Review: Putting to work the harmonic theories of jazz within the context of metal structure as expressed in rhythm and phrasing shape with a relative centralism of tone, Atheist render an epic of vast technicality and maturity but more so: they inject a poise of artistic intensity and a value to communication which matches their concept in rejecting established value in favor of immanent values derived from a value in life and nature, as their lyrics reveal.
1. Piece of Time (4:30)
2. Unholy War (2:19)
3. Room With A View (4:06)
4. On They Slay (3:39)
5. Beyond (3:00)
6. I Deny (4:01)
7. Why Bother (2:55)
8. Life (3:09)
9. No Truth (4:30)
10. Undefiled Wisdom (4:30)
11. Brain Damage (4:50)
12. On They Slay (4:06)
13. Hell Hath No Mercy (2:59)
14. Choose Your Death (3:18)
15. No Truth (4:11)
Pure in its sheen of metal riffing textures etching shapes in circuit boards of time meted out by evenly-paced but well interbalanced drumming and a use of rhythmic expectancy in intelligent breakdown variations of the obvious interruptions, Atheist indulge jazz theory in their soloing, rhythmic and structural tendencies, allowing wandering melody to converge suddenly back into theme in the style of metal but simultaneously building it in harmony and counterpoint theme internal to motif, using flexible chord voicings and a tension of pocket drumming to power their work. Similar to jazz, harmony defines the space in which structure moves, yet a metallic voice reaches out in tendrils of riff shape alluding to structural synchronization more than ambient tonal symmetry. Threads of instrumentation as in progressive rock are joined by thematic evolution to coincidence of structure, metalizing the tendencies of rock/jazz that minimize narrative power.
Based loosely in speed metal through song structure and rhythmic aesthetic as fused to the larger sense of tempo in song, and fueled by unrelenting speed and precise high-speed double-strumming creating various textures to melody, Atheist form the bulk of their songwriting from intricate lead riffing or precise power and open chording. Grand statements relevant to song are made without becoming lost in projected emotion, as swarming allusions throughout each song fuse in pharses of balance to origin. Violent but varying in that dynamic, and expressing itself metaphorically through mood changes adapted to the inspiration of each song, this music is recognizably progressive without having the slavery to proven form of most jazz/metal mainstream hybrids.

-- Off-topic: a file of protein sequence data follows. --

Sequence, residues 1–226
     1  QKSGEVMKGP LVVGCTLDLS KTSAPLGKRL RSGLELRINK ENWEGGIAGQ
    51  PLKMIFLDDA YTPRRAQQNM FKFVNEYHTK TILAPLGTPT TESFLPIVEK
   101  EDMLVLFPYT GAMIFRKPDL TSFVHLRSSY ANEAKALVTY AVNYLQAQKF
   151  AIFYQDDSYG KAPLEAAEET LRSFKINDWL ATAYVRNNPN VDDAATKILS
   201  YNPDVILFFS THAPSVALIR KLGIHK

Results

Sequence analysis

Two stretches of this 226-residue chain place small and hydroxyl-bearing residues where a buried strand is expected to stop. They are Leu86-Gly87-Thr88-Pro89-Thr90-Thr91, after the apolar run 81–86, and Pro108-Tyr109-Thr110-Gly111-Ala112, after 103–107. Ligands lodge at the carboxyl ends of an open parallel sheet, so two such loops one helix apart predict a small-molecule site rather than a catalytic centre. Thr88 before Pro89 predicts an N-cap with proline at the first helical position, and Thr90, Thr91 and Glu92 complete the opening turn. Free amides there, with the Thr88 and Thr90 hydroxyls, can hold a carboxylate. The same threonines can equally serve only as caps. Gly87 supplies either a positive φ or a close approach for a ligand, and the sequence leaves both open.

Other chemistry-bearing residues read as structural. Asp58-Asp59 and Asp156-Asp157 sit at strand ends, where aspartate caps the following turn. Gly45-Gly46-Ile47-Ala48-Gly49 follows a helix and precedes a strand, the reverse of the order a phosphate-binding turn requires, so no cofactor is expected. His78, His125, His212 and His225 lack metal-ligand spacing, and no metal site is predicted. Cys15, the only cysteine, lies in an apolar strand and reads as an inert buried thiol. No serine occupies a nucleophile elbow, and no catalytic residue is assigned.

Crashing through interlude and recession before rising again in a maelstrom of energy the arching passages of longer phrases and code fragments in budget riffs communicate a resurgent life inherent to logic favored over superstition. In this and in its sense of musicality and value sought through the chaos of artistic development, the voice of art present to "Piece of Time" contemplates maturely a history of metal and summarizes it, with the same passion that birthed the genre, in an intensity of multiple directions at once fusing to one.
Demo tracks included on this release show two styles becoming one: a raw death metal intent and a sense of epic riffing and powerful articulation in the speed metal style, with the barest hints of the coming style in the proficiency and creativity of these songs in structure and riff.
Review: When jazz broke with blues to allow free-form modality in the context of a harmonic solo, the seeds were sown for a fusion of jazz and classical theory in free jazz, or atonal but structuralist jazz. This same theoretical movement influenced the rise of Slayer-style chromatic melodies, becoming more articulated in the mastwork of Morbid Angel and explained from a jazz purist's view in Atheist.
Using a heavy basis of fusion jazz, Atheist twist high-speed progressive death metal riffs into a series of motifs which as a whole express a melody structurally as a series of themes centrally referent by degree of consonance of modal compatibility with an overall melody. The consequence of this exploratory and ambitious method is a wealth of potential notes and harmonies within which to play, allowing the alacritous expression of a fluid lead guitar style awake to fifty years of blues, jazz, rock and metal yet still alive on its own. Such is a fusion of metal theory sensu Black Sabbath-Judas Priest-Morbid Angel and jazz theory sensu Ornette Coleman, John Coltrane or Thelonius Monk.
Similar to free jazz stylings, here there is a diversity of tonal approach and style including microtonal impressionism as only one of the many innovations in this album including percussion, bass and rhythm guitar interpretations of metal never heard in any form before. What is impressive is beyond even the end result of the art, but how much if understood it expresses about anger and peace as fused opposites in a desire for living: on its lowest levels, organized by instrumentalism vividly aware of itself among its components; on its mediate levels, command performances in vocal, guitar, bass, drums; on its penultimate level, an understanding of the art of a master; on its highest level, a spiritual connection to existential desire for living that is the soul of art's gift.
Lyrically, this album manages impressive feats of logic that while conversational are not dogmatic, sung in a middle- to higher-end growl that manages much of the same range and tonality as a 1992-era Burzum vocal without as much incomprehensibility (after a listen or two, most lyrics can be understood). Further exploration than technical is truly an artistic realm, as one can be satisfied alone with some of the most impressive progressive playing in metal's history, but what places this album within the pantheon for this reviewer is its free-spirited will to be a metal band that used its vision to expand the whole of the art.